Many Americans going without dental care
Millions of Americans aren't getting the dental care they need, according to a report from the Institute of Medicine (IOM). Although oral health is vital to overall physical health (gum disease can lead to heart disease), many are encountering "persistent and systematic barriers" to finding care -- and affording it -- according to the report.
Dental care challenges
Thanks to improvements in medical technology, oral health in the United States has been improving overall. But not for everyone. According to the IOM report, racial minorities, low-income families, seniors receiving Medicare benefits and rural residents are underserved when it comes to dental care. Some of the obstacles they face, according to the report, include:
- Affordability and coverage: The average annual cost of dental care for people who visited the dentist was more than $600 in 2007, according to the IOM. Dental insurance can alleviate some of that expense -- but even those with coverage end up paying an average of about 30 percent of their dental costs out of pocket.
Despite the out-of-pocket expenses, having dental coverage makes people more likely to see the dentist. In fact, according to the report, those who do not have dental insurance are about two-thirds less likely to have visited a dentist within the past year, compared with those who have private coverage. Unfortunately, about 130 million Americans lack private dental coverage. That includes 22 percent of children between ages 1 and 17, 40 percent of adults between 21 and 64 and 70 percent of seniors age 65 and older.
When families can't afford dental care, they skip it. In 2008, for example, 4.6 million children in the United States did not obtain necessary dental care because their families couldn't afford it, according to the IOM. Government programs help. But according to the Health Resources and Services Administration (HRSA), about 80 percent of the country's practicing dentists do not accept Medicaid, and even fewer devote a substantial part of their practice to serving the poor and other at-risk groups.
- Shortage of dentists: Even those who can afford dental care may not be able to get it in a timely manner. According to the IOM report, more than 33 million people live in areas that don't have enough dental health professionals.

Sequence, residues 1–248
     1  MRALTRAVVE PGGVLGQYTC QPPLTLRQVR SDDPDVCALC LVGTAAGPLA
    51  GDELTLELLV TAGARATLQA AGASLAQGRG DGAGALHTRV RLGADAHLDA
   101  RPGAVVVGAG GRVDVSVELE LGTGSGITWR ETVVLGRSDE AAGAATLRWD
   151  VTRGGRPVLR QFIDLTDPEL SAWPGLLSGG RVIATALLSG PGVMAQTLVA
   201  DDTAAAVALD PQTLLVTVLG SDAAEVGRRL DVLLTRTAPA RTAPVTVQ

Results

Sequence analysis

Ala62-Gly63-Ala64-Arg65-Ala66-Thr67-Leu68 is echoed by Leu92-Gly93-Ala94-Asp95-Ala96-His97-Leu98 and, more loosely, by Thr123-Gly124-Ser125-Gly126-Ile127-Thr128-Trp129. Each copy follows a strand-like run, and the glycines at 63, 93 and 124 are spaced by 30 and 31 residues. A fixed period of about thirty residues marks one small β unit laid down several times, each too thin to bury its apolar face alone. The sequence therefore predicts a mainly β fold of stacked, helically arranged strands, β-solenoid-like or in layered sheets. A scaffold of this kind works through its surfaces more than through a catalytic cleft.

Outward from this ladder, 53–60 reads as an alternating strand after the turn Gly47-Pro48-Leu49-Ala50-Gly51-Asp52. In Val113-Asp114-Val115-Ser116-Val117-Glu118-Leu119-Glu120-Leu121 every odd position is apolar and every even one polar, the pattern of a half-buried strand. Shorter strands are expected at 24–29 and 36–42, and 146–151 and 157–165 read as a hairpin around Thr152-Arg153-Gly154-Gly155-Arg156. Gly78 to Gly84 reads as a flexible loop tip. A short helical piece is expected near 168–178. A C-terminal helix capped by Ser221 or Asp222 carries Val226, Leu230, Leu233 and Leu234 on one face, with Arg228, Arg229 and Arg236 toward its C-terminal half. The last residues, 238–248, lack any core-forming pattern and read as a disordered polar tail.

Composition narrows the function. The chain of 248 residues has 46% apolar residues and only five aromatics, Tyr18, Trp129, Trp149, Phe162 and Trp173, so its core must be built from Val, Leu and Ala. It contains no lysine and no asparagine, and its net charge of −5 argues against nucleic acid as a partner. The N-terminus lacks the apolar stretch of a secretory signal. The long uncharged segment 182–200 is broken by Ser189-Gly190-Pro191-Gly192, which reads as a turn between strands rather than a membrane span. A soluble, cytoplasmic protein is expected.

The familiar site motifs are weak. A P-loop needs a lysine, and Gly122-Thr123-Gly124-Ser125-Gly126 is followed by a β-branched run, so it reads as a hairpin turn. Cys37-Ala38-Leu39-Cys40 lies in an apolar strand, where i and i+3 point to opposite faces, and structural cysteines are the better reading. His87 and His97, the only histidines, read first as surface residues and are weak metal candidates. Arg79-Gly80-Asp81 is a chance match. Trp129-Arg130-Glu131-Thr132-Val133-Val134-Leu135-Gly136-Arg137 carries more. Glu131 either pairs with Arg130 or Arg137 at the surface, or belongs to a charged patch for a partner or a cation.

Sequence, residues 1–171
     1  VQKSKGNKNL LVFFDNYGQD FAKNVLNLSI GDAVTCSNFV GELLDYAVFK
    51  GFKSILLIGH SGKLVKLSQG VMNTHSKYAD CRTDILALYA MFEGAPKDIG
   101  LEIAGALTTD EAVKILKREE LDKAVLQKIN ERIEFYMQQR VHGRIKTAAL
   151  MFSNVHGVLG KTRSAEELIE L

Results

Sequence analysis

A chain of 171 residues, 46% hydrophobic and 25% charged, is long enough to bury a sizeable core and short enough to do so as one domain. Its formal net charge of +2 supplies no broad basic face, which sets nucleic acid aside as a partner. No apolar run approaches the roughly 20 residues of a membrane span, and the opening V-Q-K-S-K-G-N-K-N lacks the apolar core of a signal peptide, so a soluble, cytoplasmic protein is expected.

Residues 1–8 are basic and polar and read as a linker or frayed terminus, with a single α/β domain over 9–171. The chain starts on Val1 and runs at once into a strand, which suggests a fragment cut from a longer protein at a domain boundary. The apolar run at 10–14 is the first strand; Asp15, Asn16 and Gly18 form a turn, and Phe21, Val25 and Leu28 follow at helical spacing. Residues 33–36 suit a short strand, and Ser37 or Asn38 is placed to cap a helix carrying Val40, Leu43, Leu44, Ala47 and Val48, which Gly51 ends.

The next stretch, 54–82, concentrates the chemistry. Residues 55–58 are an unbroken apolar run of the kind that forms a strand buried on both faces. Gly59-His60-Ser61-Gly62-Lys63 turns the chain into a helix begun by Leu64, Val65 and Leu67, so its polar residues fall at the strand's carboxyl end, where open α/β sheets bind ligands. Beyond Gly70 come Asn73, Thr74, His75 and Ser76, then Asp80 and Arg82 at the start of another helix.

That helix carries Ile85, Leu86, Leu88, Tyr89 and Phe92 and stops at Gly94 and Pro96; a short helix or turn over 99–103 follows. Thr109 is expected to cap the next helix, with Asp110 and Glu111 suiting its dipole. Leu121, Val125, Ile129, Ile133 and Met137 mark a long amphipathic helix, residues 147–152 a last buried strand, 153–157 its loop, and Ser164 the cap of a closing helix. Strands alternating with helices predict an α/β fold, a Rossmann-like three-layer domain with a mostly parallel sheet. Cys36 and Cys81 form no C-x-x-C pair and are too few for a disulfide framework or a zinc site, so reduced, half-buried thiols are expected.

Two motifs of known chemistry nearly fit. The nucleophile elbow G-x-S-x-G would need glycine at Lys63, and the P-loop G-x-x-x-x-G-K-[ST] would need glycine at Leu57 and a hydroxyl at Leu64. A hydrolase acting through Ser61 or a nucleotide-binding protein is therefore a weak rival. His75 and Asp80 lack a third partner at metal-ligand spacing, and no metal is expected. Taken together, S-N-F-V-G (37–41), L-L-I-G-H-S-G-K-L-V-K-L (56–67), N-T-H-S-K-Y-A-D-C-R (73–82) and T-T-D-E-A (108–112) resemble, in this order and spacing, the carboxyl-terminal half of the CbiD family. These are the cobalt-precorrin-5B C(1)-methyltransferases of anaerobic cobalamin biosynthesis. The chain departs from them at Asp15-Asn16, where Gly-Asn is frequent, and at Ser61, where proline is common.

The problem is expected to grow, according to HRSA, because demand is growing. The U.S. population is aging, meaning many dentists are poised to retire -- without enough to replace them. HRSA estimates that in 2010, the United States had a shortage of about 4,000 dentists, compared with a shortage of about 800 in 1993. Unfortunately, the amount of student loan debt that many dental students rack up makes becoming a dentist a tough sell.
The solutions to these problems are complicated, but necessary, according to the IOM. Some ways to tackle affordability and accessibility problems could include:
- Involving primary care physicians. If low-income people are skipping dental care, it may be necessary to reach them through their primary care doctors. Training primary care doctors to better recognize oral health problems could make them more likely to refer their patients to a dentist.
- Increasing flexibility. Some states require that only dentists (rather than dental hygienists) perform certain procedures. But such regulations can do more harm than good in areas where there aren't enough dentists. Training dental hygienists to perform more procedures (and allowing them to do so) could help expand needed care.
- Breaking down barriers. Children from low-income families often are at the mercy of their parents when it comes to dental care. If their parents can't afford it don't value it, children will go without it. While Medicaid dental coverage for children is mandatory in all states, it's not mandatory for adults. Therefore, the IOM recommends expanding dental coverage to adults, in hopes that they will make it a regular part of their own care -- and their children's care.